My Change of Heart weekend
I’ll keep adding to these lists, while I gather my thoughts. (I love the idea of blogs as as living documents)Â
These are just humble (initial)Â ideas:
Things I learned
- some ideas ofÂ about poverty
- alot of people identify it as a dividing line between fortunate and unfortunate
- there is a certain arrogance in our society that won’t allow us to ever come to terms with moving to make this world equal or just or truly free
- city officals even pass laws saying that we cannot share food with the homeless, thinking that in some way that will encourage them to live as marginalized 3rd class citizens. I think one of the messages in serving the food is to show these “leaders” that we want to teach them to share.
- the “engineer” in me views poverty as a self-made/man-made internal and external system that forces some marginalized part of society to view themselves through the eyes of those that fear and hate.
- when the Long Beach Grand Prix come to town the cops are told to arrest people on unpaid “being homeless” citation. You too can be ticketed if found loitering or standing with a backpack on the sidewalk.
- the field worker forced to work the Cocaine field in Peru is in poverty as is the young gang member in a gang module at County Jail, as is the person addicted to drugs, as is the little girl being abused by her father, as is the lonely forgotten senior citizen, as is the man labeld “deranged” my medical staff that don’t want to treat him properly for lack of a insurance card, as is the starving in Africa, as is the starving in America, as is anyone who feels opressed by the other side of society…
Suggestions for next time:
- We had way too much food. While we did our “hunger banquet”, I asked/made the comment if us middle class people are too wasteful with food. I don’t have stats (so it was a legitmate question that I hoped someone had researched insight into). But I know that I eat way more than I need to daily. I know alot of food goes out into bags and into dumpsters from the restaurants that we go to. I know that we actually harm animals and even bio-engineer them so that we can quickly get them to the slaughter house and onto our opulent nightly dinners as “cheaply” as possible. I’m not talking about the “system” or the “powers that be”. I’m talking about me and everybody else like me. I know I’m leastly mindful of my food intake. This is a two part comment:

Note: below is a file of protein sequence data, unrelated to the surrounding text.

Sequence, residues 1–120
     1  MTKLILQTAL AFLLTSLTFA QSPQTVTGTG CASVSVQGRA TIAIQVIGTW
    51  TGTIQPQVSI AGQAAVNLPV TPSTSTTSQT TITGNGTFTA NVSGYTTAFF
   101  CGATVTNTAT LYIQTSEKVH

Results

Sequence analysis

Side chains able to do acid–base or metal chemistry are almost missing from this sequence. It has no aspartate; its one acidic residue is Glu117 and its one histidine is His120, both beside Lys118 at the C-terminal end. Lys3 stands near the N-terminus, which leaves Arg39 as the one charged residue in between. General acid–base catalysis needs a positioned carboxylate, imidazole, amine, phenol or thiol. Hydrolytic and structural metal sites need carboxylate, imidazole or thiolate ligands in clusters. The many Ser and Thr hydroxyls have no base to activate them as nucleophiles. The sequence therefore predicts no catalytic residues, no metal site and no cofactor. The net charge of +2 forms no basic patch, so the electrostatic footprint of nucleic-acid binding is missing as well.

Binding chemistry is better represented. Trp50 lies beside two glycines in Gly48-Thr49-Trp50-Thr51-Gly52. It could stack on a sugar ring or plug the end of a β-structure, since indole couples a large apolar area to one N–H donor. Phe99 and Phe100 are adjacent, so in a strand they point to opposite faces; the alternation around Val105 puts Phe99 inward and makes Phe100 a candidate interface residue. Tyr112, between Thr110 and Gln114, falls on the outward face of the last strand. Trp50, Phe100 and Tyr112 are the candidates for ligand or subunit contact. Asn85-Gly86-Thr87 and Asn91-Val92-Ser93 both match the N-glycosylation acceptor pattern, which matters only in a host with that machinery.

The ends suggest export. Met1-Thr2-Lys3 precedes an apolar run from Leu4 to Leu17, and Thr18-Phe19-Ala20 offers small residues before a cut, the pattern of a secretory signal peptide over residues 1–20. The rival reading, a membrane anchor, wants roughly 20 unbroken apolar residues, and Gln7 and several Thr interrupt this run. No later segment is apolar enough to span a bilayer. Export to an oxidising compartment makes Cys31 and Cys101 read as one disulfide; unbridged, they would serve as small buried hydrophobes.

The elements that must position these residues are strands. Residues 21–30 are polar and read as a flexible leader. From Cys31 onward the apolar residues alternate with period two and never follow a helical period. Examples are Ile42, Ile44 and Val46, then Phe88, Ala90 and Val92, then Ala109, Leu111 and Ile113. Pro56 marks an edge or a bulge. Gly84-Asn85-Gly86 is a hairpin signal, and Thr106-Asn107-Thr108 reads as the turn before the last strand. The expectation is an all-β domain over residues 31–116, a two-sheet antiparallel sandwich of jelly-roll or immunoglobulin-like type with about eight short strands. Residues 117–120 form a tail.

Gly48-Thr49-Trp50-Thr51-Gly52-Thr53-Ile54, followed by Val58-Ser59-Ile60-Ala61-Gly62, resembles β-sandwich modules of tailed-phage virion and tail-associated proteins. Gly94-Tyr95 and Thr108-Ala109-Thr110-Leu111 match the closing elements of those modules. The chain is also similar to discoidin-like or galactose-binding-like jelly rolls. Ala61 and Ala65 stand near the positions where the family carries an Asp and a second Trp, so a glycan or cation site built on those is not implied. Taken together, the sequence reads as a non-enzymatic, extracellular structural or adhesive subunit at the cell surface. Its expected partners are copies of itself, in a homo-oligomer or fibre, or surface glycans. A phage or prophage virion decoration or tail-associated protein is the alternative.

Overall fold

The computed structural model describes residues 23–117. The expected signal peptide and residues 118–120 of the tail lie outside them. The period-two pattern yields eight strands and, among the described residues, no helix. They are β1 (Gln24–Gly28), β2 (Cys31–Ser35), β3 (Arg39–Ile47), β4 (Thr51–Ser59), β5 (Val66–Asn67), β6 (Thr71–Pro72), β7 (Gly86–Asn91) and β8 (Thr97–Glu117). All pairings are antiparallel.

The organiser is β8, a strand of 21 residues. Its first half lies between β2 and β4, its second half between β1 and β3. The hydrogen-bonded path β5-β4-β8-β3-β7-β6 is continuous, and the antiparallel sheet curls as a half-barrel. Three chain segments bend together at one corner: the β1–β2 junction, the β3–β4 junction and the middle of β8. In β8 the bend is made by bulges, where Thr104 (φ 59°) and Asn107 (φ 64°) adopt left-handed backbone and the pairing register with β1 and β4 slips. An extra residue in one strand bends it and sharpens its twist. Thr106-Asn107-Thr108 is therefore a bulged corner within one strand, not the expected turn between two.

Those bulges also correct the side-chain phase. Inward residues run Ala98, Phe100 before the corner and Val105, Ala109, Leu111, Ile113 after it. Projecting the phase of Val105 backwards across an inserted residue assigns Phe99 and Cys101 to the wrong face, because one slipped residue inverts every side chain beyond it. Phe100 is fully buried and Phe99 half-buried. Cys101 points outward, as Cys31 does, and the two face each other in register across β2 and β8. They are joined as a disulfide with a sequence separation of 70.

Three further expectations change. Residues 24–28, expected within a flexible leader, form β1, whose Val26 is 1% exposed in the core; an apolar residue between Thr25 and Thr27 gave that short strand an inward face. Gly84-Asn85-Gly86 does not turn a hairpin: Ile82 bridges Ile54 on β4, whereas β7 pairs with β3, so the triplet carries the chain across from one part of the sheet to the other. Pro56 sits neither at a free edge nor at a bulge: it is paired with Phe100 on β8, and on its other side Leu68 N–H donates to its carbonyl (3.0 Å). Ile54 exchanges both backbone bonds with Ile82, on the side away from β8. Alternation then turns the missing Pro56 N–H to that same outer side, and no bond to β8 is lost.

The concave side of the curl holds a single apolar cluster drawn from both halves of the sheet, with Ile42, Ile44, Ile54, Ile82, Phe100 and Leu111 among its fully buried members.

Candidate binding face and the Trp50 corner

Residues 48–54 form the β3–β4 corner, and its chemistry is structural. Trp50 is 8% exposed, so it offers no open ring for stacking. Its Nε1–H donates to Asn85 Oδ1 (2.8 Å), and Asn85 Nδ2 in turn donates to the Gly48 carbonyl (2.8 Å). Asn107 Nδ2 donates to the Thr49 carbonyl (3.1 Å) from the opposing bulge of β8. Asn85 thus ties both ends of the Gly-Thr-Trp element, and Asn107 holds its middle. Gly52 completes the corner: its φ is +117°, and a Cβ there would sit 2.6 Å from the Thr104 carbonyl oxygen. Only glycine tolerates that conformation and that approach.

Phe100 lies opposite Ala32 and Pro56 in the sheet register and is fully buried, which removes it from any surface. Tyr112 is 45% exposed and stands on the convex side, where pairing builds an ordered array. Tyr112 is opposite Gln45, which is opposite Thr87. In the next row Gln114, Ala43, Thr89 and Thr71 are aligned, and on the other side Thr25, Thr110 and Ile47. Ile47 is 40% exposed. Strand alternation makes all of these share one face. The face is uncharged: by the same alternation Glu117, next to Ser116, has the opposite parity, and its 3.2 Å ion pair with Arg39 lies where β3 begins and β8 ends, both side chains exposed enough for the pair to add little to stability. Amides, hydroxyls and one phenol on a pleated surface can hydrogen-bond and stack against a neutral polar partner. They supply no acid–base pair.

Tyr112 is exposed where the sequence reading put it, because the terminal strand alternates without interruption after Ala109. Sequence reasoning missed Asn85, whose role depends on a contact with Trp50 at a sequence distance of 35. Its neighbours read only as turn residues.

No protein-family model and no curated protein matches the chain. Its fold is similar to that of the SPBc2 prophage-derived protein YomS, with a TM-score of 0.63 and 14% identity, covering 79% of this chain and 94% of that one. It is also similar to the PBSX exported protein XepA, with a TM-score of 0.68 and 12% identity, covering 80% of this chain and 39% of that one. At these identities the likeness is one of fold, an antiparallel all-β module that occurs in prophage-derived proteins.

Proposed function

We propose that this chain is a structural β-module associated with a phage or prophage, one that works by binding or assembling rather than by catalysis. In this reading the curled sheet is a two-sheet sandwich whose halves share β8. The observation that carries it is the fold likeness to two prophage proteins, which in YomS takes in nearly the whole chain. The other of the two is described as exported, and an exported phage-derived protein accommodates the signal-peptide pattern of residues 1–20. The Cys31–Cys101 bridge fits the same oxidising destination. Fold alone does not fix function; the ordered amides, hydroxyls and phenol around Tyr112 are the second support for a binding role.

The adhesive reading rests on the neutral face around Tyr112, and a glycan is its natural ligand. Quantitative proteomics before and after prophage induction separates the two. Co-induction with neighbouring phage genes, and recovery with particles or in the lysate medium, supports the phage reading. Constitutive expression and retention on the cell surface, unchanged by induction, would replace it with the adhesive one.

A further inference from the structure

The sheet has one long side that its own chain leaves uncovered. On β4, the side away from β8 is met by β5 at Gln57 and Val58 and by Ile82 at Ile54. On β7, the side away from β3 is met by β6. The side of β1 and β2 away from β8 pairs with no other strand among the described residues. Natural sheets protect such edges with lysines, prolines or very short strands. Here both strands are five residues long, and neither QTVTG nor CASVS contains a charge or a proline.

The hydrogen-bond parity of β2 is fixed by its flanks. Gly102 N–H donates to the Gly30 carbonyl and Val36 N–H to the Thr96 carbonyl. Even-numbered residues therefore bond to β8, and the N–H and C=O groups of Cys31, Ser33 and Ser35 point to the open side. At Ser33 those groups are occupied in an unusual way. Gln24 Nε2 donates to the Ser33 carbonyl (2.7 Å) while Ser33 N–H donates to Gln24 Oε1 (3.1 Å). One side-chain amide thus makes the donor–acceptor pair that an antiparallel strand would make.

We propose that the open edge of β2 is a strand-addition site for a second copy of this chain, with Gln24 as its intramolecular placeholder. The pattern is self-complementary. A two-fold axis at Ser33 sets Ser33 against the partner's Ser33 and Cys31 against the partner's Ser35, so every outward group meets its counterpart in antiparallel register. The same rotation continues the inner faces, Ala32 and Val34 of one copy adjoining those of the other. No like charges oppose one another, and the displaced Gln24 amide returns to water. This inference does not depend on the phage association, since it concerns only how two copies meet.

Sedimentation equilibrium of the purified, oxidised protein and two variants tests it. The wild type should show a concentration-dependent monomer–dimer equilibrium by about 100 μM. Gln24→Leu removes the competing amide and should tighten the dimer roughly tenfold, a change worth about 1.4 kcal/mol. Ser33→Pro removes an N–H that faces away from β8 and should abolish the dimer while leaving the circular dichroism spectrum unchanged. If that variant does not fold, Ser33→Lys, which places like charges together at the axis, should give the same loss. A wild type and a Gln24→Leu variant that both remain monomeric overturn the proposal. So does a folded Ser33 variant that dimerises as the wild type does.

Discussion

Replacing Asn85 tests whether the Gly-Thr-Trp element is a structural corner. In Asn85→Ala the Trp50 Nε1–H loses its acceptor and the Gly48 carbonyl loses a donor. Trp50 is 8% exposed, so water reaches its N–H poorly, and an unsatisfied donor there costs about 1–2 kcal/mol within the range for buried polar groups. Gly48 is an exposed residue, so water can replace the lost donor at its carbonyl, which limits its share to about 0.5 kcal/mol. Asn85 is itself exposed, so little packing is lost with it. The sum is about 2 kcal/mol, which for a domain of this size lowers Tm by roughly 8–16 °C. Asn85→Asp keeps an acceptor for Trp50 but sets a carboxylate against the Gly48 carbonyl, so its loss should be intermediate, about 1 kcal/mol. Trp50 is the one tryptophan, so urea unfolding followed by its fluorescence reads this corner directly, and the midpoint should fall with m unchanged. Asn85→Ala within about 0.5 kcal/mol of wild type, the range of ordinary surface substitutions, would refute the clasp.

1) We should have just bought enough for the day and if needed go over to the near by Ralphs and either made a community fund to buy enough food or just try to hustle for food. Every night, we should have SHARED the extra food with (in this order) (a) people that we found to be really hungry (ourselves included). (b) someone less fortunate (c) someone that was sad (d) anyone else that wanted to share a meal with a cool bunch of people that didn’t want food wasted. After all, people in the streets can learn to be free spirited enough to learn to live “day by day”
2) I don’t have statistics. It’s just a gut feeling I have from everything I’ve read. If everybody in the world prepared as much as food as we had during the weekend, would we be making the Earth more poorer for the future? This is something I’m struggling with right now. In the right mindset,Â the just enoughÂ for today might be a cool/interesting lifestyle to learn to live in. But I think our human history teaches us to be very afraid of famine. Even in this age of logistical and transportation ease? I guess that’s why we all worry about the pollution of our land and water, because if we (middle class) do starve, it will be a global famiine.
The most interesting part to this comment is that I’m not sure I can change myself to be mindful enough to eat less (learn to be less greedy???). It takes a lot of concentration, I think (it’s possible???)
- We should be out in the streets every day of the weekend at least for a half hour. Talking and being a community with the people we want to try to understand. We should learn to walk outside of our group and see how they can help us in our goal for the Weekend. This is unsafe, but Sunday night was the most fullfilling part of the weekend. I felt really dissappointed that most of the (personal) Heart Changers of the Weekend didn’t get a chance to do that activity. It takes a long time and maybe we don’t need as many speakers becauseÂ maybe one sentace is all that’s really needed to see how messed up this self-made system of poverty really is.
- We should as a group consideratly pressure the groups that came with us to stick around for the other activities and presentations. These were likeminded groups that didn’t make time to listen to another group. Alot of the people that stayed for the whole weekend already know or have started to learn. How much suffering does it cause an activist to know “speeches only reaches those that already know about it, but this is how we go about it” ?
- This couldÂ be a weekend of Compassion Cells andÂ 2 or 3 evenings of awareness. Â
“This is unsafe, but Sunday night was the most fullfilling part of the weekend.”
Yes! I was looking forward to this part of the weekend the most! And it was very fulfilling. Thx for making it happen..being a stand for still going downtown. And, I didn’t feel so unsafe at all…similar to travelling and howÂ some says it’s scary… mainly friends/family concerned about my well being travelling…I’ve often felt more safe in some ways in another country…I still initially can get scared if I don’t know what I’m getting into…and there can be some places to really get info on before travel, visiting. Of course it’s good to be aware and keep more than one eye open. And wow…I was supremely touched by the people we met and the soulful faith presented.